Addressing savings glut needs more than monetary policy

Today central banks have a limited toolkit and the powers to deal with the savings glut (see image below), lack of investment, climate change and income inequality. There is a lot of money in the system but the velocity of circulation is slow – MV=PT – and this is one reason why we have little inflation.

Velocity of circulation of money is part of the the Monetarist explanation of inflation operates through the Fisher equation:

M x V = P x T

M = Stock of money
V = Income Velocity of Circulation
P = Average Price level
T = Volume of Transactions or Output

Add to this COVID-19 and the impact it has had on especially developing economies and we have economic stagnation.

Source: Bloomberg Economics

Some economists have suggested the need for more expansionary fiscal policy as well as structural reform to achieve economic growth. The latter being a long-term policy can take the form of price controls, management of public finances, financial sector reforms. labour market reforms etc. Although the US Federal Reserve is adopting a flexible average inflation target to avoid a disinflationary environment it will not be enough to deal with secular stagnation.

Secular stagnation
Since the GFC in 2008 it is evident that low interest rates are the new normal and according to Larry Summers (former Treasury Secretary) we are in an era of secular stagnation. This refers to the fact that on average the ‘natural interest rate’ – the rate consistent with full employment – is very low. There can be periods of full employment but even with 0% interest rates private demand is insufficient to eliminate the output gap. The US was in a liquidity trap for eight of the past 12 years; Europe and Japan are still there, and the market now appears to believe that something like this is another the new normal.

Paul Krugman suggests that there are real doubts about unconventional monetary policy and that the stimulus for an economy should take the form of permanent public investment spending on both physical and human capital – infrastructure and health of the population. This spending would take the form of deficit-financed public investment. There has been the suggestion that deficit-financed public investment might lead to ‘crowding out’ private investment and also how is the debt repaid? Krugman came up with three offsetting factors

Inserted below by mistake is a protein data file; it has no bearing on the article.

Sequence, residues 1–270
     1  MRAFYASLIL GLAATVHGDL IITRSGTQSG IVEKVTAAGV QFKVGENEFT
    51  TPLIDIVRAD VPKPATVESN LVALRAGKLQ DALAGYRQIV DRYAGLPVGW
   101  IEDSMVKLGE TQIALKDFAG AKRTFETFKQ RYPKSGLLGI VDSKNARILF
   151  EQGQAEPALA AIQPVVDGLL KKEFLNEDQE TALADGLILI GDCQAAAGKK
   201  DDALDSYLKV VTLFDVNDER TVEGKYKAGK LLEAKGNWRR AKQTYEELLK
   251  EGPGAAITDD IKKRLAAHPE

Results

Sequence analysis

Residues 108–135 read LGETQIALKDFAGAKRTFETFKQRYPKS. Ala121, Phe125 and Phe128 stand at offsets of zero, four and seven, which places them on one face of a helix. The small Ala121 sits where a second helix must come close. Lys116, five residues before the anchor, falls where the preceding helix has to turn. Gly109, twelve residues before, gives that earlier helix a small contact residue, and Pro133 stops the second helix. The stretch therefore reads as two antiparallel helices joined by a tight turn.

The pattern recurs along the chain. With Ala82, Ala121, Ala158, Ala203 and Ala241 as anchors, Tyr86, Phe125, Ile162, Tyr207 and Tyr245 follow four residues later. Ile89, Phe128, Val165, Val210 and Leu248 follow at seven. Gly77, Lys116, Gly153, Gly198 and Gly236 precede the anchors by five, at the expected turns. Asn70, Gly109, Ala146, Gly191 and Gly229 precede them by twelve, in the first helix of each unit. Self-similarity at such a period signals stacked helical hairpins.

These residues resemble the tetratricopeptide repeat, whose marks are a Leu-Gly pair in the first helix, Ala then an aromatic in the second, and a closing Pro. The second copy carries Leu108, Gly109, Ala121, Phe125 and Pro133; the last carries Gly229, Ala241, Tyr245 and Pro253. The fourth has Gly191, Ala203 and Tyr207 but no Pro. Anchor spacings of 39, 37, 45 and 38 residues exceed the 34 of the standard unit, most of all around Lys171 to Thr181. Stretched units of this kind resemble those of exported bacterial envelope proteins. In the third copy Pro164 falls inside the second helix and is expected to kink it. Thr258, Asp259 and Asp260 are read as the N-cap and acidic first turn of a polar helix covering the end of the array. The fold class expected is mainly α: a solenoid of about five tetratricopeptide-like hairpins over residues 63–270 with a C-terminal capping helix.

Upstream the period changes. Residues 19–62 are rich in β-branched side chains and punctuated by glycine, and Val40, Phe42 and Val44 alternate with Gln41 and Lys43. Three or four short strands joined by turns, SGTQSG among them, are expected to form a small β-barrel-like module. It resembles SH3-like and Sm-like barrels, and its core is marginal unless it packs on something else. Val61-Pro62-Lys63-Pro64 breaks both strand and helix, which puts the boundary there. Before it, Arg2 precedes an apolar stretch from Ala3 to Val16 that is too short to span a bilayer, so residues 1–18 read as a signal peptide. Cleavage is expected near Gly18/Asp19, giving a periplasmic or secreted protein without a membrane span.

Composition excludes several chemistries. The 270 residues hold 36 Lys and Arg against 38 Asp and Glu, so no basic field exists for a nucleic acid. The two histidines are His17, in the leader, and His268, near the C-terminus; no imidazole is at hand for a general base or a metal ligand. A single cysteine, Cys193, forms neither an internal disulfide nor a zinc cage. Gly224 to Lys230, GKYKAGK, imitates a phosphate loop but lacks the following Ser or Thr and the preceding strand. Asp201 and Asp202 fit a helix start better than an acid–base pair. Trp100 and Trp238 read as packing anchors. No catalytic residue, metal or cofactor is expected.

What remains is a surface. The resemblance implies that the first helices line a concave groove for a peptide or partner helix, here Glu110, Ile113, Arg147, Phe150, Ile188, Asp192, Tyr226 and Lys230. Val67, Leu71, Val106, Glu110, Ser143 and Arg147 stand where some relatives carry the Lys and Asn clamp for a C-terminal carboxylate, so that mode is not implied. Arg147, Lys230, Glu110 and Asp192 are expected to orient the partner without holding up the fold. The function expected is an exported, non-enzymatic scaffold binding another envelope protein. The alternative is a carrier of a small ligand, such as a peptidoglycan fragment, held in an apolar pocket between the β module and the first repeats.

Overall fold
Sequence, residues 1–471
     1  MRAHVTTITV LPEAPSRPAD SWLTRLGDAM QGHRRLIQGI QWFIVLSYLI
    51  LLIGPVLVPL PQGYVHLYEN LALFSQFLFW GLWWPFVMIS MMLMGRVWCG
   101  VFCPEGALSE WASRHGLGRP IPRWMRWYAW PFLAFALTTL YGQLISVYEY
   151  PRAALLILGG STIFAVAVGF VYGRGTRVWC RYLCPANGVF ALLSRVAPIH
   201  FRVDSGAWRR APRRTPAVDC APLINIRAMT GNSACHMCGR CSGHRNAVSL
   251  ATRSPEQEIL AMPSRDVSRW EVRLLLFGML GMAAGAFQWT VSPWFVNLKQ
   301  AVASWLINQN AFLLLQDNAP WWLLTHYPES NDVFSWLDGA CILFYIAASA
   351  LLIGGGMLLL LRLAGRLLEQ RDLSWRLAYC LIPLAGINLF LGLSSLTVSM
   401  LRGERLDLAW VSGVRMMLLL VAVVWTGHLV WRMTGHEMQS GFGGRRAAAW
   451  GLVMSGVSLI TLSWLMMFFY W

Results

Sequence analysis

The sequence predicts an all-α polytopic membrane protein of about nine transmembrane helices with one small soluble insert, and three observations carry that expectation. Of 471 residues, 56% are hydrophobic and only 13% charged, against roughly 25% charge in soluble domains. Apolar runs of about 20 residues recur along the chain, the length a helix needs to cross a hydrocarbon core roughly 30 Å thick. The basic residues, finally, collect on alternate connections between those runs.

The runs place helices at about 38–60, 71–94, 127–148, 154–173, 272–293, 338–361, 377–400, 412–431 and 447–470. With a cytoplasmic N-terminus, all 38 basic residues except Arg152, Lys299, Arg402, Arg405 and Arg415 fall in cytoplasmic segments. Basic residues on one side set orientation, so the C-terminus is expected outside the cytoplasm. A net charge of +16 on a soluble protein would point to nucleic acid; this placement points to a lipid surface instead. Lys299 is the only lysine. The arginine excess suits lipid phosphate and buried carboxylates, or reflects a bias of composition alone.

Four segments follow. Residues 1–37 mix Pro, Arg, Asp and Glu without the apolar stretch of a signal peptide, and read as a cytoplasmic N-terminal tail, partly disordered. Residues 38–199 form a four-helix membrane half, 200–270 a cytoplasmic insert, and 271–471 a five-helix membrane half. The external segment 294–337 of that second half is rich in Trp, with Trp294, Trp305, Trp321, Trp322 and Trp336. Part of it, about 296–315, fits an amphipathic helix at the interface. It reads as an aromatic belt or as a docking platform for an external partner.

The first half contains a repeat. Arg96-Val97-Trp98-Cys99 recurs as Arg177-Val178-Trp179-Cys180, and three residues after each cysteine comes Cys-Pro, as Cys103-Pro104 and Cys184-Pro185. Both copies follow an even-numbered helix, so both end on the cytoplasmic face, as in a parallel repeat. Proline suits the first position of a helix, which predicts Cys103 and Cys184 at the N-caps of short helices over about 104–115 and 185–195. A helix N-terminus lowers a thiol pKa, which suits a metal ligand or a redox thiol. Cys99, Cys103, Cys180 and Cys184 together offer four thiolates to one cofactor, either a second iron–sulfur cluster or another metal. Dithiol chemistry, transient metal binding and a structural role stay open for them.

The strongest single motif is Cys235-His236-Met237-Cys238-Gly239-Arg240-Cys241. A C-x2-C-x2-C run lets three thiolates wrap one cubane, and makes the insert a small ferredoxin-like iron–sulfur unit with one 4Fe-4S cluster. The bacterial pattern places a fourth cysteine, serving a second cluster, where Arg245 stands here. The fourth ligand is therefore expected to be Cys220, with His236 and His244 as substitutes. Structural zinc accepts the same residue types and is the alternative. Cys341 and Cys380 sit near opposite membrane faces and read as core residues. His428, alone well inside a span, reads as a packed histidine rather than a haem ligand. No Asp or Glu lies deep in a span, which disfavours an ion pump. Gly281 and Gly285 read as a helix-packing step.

1. When the economy is in a liquidity trap, which now seems likely to be a large fraction of the time, the extra public investment will have a multiplier effect, raising GDP relative to what it would otherwise be. Based on the experience of the past decade, the multiplier would probably be around 1.5, meaning 3% higher GDP in bad times — and considerable additional revenue from that higher level of GDP. Permanent fiscal stimulus wouldn’t pay for itself, but it would pay for part of itself.
  2. If the investment is productive, it will expand the economy’s productive capacity in the long run.This is obviously true for physical infrastructure and R&D, but there is also strong evidence that safety-net programmes for children make them healthier, more productive adults, which also helps offset their direct fiscal cost (Hoynes and Whitmore Schanzenbach 2018).
  3. There’s fairly strong evidence of hysteresis — temporary downturns permanently or semi-permanently depress future output (Fatás and Summers 2015).

Source: “The Case for a permanent stimulus”. Paul Krugman cited in “Mitigating the COVID Economic Crisis: Act Fast and Do Whatever It Takes” Edited by Richard Baldwin and Beatrice Weder di Mauro

Bloomberg Economics – Yellen, Summers Say Central Banks No Match for Savings Glut

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